Hi Ananth, Continuing with my previous post, I'm not sure if we have any say but like you are generating a whitepaper for ODIs, u could, through cricinfo make a few suggestions for BCCI. (1)Using our natural geographic spread to simulate conditions (Wet Eng weather in Dharmasala & Hill stations), Hot and Humid Chennai for WIN, Mohali for Oz and so on (2) Have 5 zonal Teams play each other in round robin league (2 rounds) on these pitches before our tours. (3)Hav a home international season (like Oz, Eng & SAF have) which does not coincide with domestic season, making the ZOnal competition the selection criteria for intl matches,(4) Give visiting teams 3-5 tour matches in these pitches with our emerging cricketers. Intl exposure neednt necessary come from intl matches & getting used to Eng weather neednt necessarily be achieved in England.

  • RANGArajan on November 11, 2011, 8:32 GMT

    @Ramesh: While I do agree that Indians are one of the weaker players of fast bowling, their recent away record (minus the Egoistic English summer) has been better where the picth offered some assistance for fast bowlers. Traditionally dubbed as nemeses, Indians have beaten Eng @Headingley(07),Oz @WACA(08), SAF @Durban(10). So I am not sure a generic statement of "India would have crashed". On the other hand, Indian bowlers are actually capable, when pitch offers little assistance. However, I admit that we largely dont get such pitches in Ind and hence they dont know how to exploit the conditions. I would rather feel that India has the best chance to simulate a variety of conditions (Dharmasala for England, Kochi for SAF, Mumbai for Oz), if BCCI is ready to act according to conscience.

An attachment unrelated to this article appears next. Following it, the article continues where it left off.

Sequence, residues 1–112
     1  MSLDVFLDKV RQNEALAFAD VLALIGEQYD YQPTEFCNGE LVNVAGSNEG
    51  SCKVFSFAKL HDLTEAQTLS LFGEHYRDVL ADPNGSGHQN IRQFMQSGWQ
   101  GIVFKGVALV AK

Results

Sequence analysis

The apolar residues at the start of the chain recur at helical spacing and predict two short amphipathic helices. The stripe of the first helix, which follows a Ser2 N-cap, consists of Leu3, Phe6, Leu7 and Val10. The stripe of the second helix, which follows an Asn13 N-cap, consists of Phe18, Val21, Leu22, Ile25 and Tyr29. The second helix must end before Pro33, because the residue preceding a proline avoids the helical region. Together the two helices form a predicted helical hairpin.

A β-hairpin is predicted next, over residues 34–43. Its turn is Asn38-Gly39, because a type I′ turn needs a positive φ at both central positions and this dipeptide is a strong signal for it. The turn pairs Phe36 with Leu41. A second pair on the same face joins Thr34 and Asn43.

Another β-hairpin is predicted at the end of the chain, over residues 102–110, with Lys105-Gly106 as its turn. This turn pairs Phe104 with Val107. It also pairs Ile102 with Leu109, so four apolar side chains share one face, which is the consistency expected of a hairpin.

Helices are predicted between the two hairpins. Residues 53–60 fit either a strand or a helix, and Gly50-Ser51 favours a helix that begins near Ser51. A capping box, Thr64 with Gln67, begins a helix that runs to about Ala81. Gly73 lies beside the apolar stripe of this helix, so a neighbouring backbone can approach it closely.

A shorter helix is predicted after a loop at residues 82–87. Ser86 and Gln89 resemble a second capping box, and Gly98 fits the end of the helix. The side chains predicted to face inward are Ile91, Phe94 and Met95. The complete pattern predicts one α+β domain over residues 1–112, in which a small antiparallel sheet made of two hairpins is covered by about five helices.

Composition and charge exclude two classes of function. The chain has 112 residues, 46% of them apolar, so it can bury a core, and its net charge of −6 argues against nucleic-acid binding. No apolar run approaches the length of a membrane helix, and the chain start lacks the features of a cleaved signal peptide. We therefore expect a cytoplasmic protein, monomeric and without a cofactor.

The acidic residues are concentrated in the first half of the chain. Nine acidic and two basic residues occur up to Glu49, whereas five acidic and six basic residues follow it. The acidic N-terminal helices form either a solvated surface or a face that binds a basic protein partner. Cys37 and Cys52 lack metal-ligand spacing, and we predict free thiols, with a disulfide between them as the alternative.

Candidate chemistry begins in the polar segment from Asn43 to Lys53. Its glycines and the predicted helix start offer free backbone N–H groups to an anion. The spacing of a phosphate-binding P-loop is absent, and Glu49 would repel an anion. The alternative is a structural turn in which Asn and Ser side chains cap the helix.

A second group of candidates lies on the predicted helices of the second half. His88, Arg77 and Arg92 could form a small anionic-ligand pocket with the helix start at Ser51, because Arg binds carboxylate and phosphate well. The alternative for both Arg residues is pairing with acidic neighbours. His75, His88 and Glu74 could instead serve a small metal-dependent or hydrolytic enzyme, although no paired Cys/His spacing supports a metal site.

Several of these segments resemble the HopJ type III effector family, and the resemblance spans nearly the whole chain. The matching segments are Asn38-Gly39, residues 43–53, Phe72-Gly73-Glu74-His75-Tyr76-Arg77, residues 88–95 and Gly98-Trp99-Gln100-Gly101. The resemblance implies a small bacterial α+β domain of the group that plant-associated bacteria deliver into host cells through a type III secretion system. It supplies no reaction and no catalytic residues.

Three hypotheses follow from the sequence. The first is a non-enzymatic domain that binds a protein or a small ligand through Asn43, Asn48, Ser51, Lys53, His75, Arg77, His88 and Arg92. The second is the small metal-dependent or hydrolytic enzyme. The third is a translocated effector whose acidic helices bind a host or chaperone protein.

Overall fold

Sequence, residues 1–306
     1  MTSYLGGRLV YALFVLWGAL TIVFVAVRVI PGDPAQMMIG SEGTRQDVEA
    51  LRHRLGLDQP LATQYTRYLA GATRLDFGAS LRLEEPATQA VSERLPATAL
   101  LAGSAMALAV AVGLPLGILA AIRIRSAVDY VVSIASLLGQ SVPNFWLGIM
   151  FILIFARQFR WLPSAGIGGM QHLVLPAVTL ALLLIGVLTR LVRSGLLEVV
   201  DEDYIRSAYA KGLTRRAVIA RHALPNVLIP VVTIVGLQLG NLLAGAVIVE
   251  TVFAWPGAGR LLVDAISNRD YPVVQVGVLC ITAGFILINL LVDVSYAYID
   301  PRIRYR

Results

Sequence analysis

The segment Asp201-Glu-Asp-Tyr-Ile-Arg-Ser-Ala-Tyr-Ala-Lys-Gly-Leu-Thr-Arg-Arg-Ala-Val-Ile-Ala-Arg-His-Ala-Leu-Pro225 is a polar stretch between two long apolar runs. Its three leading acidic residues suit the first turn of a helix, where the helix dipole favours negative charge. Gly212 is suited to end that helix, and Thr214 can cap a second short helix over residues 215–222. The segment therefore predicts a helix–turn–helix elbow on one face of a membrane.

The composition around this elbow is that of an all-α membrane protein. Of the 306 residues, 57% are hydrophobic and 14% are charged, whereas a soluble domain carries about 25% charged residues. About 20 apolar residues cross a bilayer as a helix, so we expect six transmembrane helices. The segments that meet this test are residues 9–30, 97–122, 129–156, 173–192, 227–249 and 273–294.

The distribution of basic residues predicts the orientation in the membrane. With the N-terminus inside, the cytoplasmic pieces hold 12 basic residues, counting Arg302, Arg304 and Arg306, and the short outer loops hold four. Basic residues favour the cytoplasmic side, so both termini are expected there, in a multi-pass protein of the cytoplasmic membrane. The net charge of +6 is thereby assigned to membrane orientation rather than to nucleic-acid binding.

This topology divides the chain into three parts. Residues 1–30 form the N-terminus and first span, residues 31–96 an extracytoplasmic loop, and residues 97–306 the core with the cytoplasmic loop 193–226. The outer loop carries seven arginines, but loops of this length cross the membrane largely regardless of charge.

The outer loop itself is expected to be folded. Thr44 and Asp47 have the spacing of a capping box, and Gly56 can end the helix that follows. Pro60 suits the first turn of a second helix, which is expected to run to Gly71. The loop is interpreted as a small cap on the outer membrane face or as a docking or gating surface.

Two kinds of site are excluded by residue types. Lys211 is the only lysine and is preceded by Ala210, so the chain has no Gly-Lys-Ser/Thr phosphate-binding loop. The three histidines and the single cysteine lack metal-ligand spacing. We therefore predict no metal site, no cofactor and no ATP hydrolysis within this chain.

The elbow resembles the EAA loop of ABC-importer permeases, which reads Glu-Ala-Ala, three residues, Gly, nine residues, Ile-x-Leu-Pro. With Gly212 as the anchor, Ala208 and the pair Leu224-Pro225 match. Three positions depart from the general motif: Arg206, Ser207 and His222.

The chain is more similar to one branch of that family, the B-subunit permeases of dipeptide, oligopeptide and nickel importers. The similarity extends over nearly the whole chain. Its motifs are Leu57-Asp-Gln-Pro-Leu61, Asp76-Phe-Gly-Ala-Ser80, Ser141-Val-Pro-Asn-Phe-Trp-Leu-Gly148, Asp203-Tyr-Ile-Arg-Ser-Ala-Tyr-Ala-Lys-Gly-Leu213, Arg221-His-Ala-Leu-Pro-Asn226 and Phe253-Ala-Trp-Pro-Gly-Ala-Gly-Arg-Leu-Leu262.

• Gerry_the_Merry on November 11, 2011, 6:03 GMT

    I dont think South African board need have insisted on a separate T20 match and cut the tests down. Now with 47/96 etc, tests are just as exciting and proceed at a T20 pace anyway, and the batting closely mirrors T20.

    My holy grail of bowler friendly wickets in limited over matches, despite furious opposition from Shrikanthk, seems to be happening willy nilly.

  • Ramesh Kumar on November 11, 2011, 4:51 GMT

    ShrikanthK,

    Don't be too harsh on this Australian team based on this one innings. It was madness from both teams. This team demonstrated skills in SL tour and if only they had patience, they would have scored more. I thought if Ponting played like he played in last India tour, he could have played a longer innings. He is always a suspect in the first 30 mins. Actually in the Aussie veterans names which you have mentioned, they needed a Border and not really others. They were missing a typical Border innings.

  • Ramesh Kumar on November 11, 2011, 4:42 GMT